NFL Draft 2011: 5 Quarterbacks Hoping to Hear Their Name Called on Day 2

Charlie TodaroAnalyst IIIApril 29, 2011

NFL Draft 2011: 5 Quarterbacks Hoping to Hear Their Name Called on Day 2

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    The first round of the 2011 draft saw four quarterbacks come off the board in the first 12 picks and none in the following 20.

    Teams that could be considering a quarterback in Round 2 include the Bills (No. 34), the Bengals (No. 35), the Cardinals (No. 38), the Redskins (No. 41), the 49ers (No. 45), the Raiders (No. 48), the Redskins again (No. 49) and the Seahawks (No. 57).

    Unfortunately for those seven teams, only five of the remaining signal-callers are widely believed to be deserving of a Day 2 or at least a Round 4 grade.

    Who is this fab five of quarterbacks that are expecting to hear their names called on Day 2? 

Andy Dalton, TCU

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    Dalton was a four-year starter at TCU, and only Colt McCoy has won more games as a quarterback in Division I football. A smart, "gamer" of a quarterback, Dalton has the intangibles of a winner.

    However, questions about his arm strength, measurables and system background have likely caused his fall.  

    On Thursday morning, Dalton was a hot name rumored to be taken as high as No. 8 by the Tennessee Titans.

    Jake Locker ended up being that selection with Christian Ponder soon to follow at No. 12, making Dalton a hot topic of discussion on Day 1.

    Unfortunately, his fiery red hairdo was the only thing that remained hot about Dalton as Thursday night continued. Now, he heads the list of signal-callers likely to be taken early on Day 2.

    I think his best fits are San Francisco, Arizona and Seattle—I really am not trying to be NFC west-biased, but I understand that's a hard case to plead... 

Ryan Mallett, Arkansas

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    Mallett is the best pure passer in the the 2011 draft.

    I can't count the number of sources I've encountered that have stated that fact, the latest being Kurt Warner on the NFL network Thursday. 

    Mallett has character issues—drug use and generally questionable demeanor being the red flags.

    However, I am one to think Mallett is more of a misunderstood character that wants to work hard and win in the NFL—his past is not really an issue for a team that believes he's moved on.

    I believe Mallett would enjoy throwing to Ochocinco and A.J. Green in Cincinnati.

    Who knows, maybe the Bengals will draft Mallett, and Carson Palmer will decide that now he wants to keep his job.

    The Raiders also seem to be an obvious fit. Al Davis would have his JaMarcus Russell re-do.

    If Mallett maintains a good head on his shoulders, I believe he could become a Ben Roethlisberger-type talent. 

Colin Kaepernick, Nevada

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    Kaepernick threw for over 3,000 yards, rushed for over 1,200 and had over 40 combined touchdowns in 2010. He threw for over 10,000 yards in his career.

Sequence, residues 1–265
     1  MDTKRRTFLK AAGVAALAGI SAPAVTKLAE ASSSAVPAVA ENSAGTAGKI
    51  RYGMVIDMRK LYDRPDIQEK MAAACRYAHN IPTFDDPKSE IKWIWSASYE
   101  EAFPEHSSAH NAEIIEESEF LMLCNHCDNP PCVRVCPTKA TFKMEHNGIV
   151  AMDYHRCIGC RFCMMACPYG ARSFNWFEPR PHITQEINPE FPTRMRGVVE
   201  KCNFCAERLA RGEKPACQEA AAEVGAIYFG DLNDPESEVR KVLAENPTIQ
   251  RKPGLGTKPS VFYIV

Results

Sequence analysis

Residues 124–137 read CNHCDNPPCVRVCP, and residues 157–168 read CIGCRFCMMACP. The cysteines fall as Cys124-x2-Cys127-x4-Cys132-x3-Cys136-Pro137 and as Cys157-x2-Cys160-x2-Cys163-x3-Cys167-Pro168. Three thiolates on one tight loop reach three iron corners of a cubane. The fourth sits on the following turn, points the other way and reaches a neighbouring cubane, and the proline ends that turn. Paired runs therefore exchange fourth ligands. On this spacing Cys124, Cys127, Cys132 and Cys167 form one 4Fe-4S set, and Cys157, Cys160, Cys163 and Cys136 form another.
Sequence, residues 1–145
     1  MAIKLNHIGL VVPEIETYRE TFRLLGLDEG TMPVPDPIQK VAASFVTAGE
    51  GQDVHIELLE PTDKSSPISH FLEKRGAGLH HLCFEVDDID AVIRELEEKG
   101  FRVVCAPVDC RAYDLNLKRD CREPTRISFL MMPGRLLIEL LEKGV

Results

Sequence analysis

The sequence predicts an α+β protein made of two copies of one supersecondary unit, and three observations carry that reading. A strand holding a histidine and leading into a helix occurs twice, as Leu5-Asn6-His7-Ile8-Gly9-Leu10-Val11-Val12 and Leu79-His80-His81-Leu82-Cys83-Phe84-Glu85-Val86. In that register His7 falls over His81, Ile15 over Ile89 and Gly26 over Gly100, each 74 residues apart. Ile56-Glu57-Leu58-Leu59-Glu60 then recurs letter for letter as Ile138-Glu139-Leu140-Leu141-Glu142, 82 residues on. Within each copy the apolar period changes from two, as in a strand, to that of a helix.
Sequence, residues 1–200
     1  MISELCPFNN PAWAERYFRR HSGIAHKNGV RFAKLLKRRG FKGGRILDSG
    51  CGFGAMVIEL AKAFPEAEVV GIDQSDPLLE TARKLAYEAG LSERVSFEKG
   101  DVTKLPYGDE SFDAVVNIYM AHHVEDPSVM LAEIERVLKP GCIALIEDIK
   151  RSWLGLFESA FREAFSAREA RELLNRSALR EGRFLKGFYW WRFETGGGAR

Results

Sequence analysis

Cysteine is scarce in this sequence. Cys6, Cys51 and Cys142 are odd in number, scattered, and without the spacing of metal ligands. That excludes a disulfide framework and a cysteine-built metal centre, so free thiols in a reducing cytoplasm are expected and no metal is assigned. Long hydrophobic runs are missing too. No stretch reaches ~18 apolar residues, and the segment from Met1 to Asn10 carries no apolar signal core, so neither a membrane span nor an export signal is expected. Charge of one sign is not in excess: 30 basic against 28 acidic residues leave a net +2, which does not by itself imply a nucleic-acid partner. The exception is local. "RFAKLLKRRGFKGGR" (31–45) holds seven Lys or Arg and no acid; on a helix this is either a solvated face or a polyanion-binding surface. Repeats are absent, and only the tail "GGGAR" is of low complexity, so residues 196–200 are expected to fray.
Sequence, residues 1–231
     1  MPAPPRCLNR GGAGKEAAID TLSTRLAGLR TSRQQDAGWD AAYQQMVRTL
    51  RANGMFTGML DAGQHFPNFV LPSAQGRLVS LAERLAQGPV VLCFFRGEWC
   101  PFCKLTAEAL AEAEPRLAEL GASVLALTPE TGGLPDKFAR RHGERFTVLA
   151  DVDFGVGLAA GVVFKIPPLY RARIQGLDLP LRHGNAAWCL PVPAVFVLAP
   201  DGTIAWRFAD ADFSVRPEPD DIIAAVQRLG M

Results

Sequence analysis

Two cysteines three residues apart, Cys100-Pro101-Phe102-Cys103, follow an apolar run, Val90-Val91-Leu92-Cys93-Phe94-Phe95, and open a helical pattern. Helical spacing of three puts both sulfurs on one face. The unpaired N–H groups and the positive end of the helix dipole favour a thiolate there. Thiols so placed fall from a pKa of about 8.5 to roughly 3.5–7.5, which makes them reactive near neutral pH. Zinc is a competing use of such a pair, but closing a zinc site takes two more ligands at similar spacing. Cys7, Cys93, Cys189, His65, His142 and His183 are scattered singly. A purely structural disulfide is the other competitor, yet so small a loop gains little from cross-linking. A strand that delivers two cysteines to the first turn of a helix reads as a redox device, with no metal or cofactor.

A lean frame, his willingness to take hits, an unconventional delivery and working out of the "pistol" offense in college lends to a painful transition into the NFL.

    However, if he can find the right system, he may be able to succeed.

    Chan Gailey in Buffalo seems like the type of coach who would be willing install an pistol-type offense in the NFL.

    Mike Shanahan in Washington may also enjoy Kaepernick's skill set. 

Ricky Stanzi, Iowa

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    Stanzi had his best year in 2010, yet he has remained under the radar as a potential NFL starter.

    Over 3,000 yards and 25 touchdowns to six interceptions with a completion percentage over 64 are quality numbers in a defense-based, ball-control conference. 

    Prototypical size and solid athleticism could produce a solid NFL backup—a guy who could step in and ride momentum to a starter role.

    Of the quarterbacks on this list, Stanzi is most similar to Dalton. If Dalton goes late, Stanzi will go later than expected, possibly falling out of Day 2.

Tyrod Taylor, Virginia Tech

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    The knock on Taylor is his four years of a completion percentage below 60 percent, but he has thrown 37 touchdowns and only 10 interceptions his past two seasons combined.

    As shown in the video, he relies on the Virginia Tech staple: the fast-footed, snappy-arm style. 

    Taylor needs to work with a quarterback coach that can harness his athleticism and nimbleness to help him become more patient in the pocket—being undersized, he struggles to see through passing lanes at times.

    Teams have been disappointed that he hasn't been willing to run routes or return kicks. I believe he needs to be drafted to a team with the intention of making him a backup and slowly working him into various roles of the offense as his overall skill set grows.

    He is an athlete and competitor worthy of Day 2 consideration for any team with an extra pick that wants a sub-package, versatile backup quarterback.